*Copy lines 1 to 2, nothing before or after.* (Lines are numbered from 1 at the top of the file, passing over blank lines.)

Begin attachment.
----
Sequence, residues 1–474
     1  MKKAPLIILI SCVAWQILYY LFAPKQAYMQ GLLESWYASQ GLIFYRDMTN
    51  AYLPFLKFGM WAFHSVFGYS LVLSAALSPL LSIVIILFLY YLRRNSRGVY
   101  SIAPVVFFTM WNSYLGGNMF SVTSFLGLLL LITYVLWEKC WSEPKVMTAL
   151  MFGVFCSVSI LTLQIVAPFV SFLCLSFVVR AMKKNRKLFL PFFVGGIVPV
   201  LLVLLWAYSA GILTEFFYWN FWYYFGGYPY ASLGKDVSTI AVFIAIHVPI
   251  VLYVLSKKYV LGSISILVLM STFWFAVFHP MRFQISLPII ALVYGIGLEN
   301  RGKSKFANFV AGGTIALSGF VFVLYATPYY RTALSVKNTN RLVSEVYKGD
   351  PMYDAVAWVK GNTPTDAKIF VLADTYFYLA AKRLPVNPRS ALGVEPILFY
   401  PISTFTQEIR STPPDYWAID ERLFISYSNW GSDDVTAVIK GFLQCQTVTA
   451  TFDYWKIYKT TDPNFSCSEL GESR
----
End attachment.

Sequence, residues 1–474
     1  MKKAPLIILI SCVAWQILYY LFAPKQAYMQ GLLESWYASQ GLIFYRDMTN